In a ‘setback,’ hospital margins, volumes decreased
- Hospitals’ August operating margins decreased by 12% from July.
- The August results reversed three months of recovery from the early effects of the coronavirus.
- The for-profit hospital outlook remains negative due to expected financial challenges, a rating agency says.
After three months of recovery, hospitals’ margins and patient volumes decreased in August, according to an industry tracking report.
Kaufman Hall’s tracking report of August results for more than 800 hospitals found that since July, operating margin decreased by 12% and discharges by 2%.
Those decreases followed three months of steady recovery from the March and April collapse of margins and patient volumes.
“August represents a setback in that progress, with margins falling both month-over-month and year-over-year,” the report’s authors wrote. “While the August numbers are concerning, they are not surprising. The road to recovery will be long and challenging, and fraught with ups and downs.”
Even with federal grants provided by the CARES Act, operating margins decreased by 2.3 percentage points year-to-date. On a percent-change basis, the decrease was 22%.
Other margin results, factoring in the federal aid, included:
- 3% decrease in operating margin year-over-year
- 28% decrease in operating margin month-over-month
- 3% above budget for the month
“Multiple factors contributed to the August declines, including continued low volumes and revenues, and high per-patient expenses,” the authors wrote.
Hospitals’ operating earnings before interest, taxes, depreciation, and amortization (EBITDA) margin results varied widely between regions, including:
- 16% decrease year-over-year and 13% above budget expectations in the Northeast/Mid-Atlantic
- 10% decrease both year-over-year and compared with budget in the Midwest
- 6% decrease year-over-year and 1% above budget in the West
- 3% increase year-over-year and at budget in the South
- 48% increase year-over-year and 46% above budget in the Great Plains
Operating EBITDA margins were worse for the largest hospitals, declining by 10% year-over-year and to 6% below budget for 300- to 499-bed hospitals. Hospitals with 500 beds or more decreased by 9% year-over-year and were 10% below budget.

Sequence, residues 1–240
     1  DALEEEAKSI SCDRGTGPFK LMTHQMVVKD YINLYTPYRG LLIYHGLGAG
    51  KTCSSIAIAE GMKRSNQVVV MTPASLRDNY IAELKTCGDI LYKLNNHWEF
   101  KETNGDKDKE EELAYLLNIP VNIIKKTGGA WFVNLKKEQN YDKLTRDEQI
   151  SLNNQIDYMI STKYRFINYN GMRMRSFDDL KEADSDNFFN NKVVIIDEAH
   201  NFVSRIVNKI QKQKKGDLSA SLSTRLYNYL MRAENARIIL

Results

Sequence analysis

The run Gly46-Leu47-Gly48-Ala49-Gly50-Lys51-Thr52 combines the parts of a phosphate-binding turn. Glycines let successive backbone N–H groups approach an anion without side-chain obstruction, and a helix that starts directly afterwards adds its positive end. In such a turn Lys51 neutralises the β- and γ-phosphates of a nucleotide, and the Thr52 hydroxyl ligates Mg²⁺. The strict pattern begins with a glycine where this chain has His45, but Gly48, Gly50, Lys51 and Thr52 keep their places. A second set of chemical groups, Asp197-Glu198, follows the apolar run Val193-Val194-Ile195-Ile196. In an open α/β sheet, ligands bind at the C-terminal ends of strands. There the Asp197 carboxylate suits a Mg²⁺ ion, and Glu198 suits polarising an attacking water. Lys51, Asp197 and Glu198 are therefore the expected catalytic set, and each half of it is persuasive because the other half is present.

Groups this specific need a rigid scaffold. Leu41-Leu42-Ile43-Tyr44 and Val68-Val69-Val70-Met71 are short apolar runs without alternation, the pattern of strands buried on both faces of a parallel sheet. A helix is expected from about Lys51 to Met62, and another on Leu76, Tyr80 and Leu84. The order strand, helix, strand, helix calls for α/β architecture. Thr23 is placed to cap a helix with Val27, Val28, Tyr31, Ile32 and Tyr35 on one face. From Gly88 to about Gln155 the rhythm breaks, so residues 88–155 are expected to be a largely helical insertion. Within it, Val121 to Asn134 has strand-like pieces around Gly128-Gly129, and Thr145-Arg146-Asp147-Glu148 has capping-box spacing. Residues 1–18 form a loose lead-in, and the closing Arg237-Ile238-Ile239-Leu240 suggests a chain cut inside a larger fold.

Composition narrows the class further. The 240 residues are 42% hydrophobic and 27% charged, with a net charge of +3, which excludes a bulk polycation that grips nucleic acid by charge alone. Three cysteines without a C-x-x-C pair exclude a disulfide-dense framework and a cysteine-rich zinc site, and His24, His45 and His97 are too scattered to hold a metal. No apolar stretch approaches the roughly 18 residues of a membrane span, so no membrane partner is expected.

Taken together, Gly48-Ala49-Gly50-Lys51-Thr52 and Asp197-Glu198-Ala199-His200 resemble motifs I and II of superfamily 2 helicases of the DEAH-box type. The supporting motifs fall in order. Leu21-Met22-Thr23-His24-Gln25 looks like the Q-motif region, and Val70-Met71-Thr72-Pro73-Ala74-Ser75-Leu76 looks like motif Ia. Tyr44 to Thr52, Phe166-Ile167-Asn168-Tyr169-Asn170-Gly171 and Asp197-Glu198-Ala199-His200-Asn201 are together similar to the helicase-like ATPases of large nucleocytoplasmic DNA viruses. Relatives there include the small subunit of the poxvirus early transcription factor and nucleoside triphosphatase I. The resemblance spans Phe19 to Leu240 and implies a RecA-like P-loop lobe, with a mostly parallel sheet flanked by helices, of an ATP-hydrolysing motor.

Hospitals face volume challenges
August was the sixth consecutive month in which volumes were below 2019 levels and below budget. Discharges were down 11% year-to-date, compared with January to August 2019.
Other August volume results included:
- Adjusted discharges were 13% lower year-to-date, 12% lower year-over-year, 3% lower month-over-month and 8% below budget.
- Emergency department (ED) visits were 16% lower from January through August compared with the same period in 2019.
- Operating room minutes were 14% lower year-to-date, 6% lower year-over-year and month-over month and less than 1% below budget.
All regions had decreases in discharges year-over-year and compared with budget, but the largest occurred in the Great Plains, where they decreased by 15% year-over-year and were 13% below budget.
ED visits decreased year-over-year and came in below budget for hospitals in all regions. The largest decreases occurred in hospitals in the South and Northeast/Mid-Atlantic, both of which decreased by 18% year-over-year. ED decreases relative to budget were 17% at hospitals in the South and West.
The Kaufman Hall finding echoed a recent TransUnion Healthcare analysis of 500 hospitals that found ED visits and inpatient volumes stagnating at late-June levels as of the third week in August.
Outlook at for-profit hospitals
The soft August financial results came shortly after Moody’s Investors Service said that its for-profit hospital outlook (subscription required) remains negative due to an expected further decline in EBITDA over the next 12 to 18 months.
Other projections by the rating agency included:
- Accelerating migration of procedures out of the hospital to alternative settings
- Deteriorating payer mix amid high unemployment rates over the next 12 to 18 months
- Weakening earnings among hospitals that lack sizeable outpatient service lines
One positive expectation was for volumes to exceed 90% of normalized levels as long as no additional bans on elective surgeries are enacted.
“The remaining 10% is likely to come back more slowly throughout 2021, but faster if a vaccine becomes widely available,” the report states.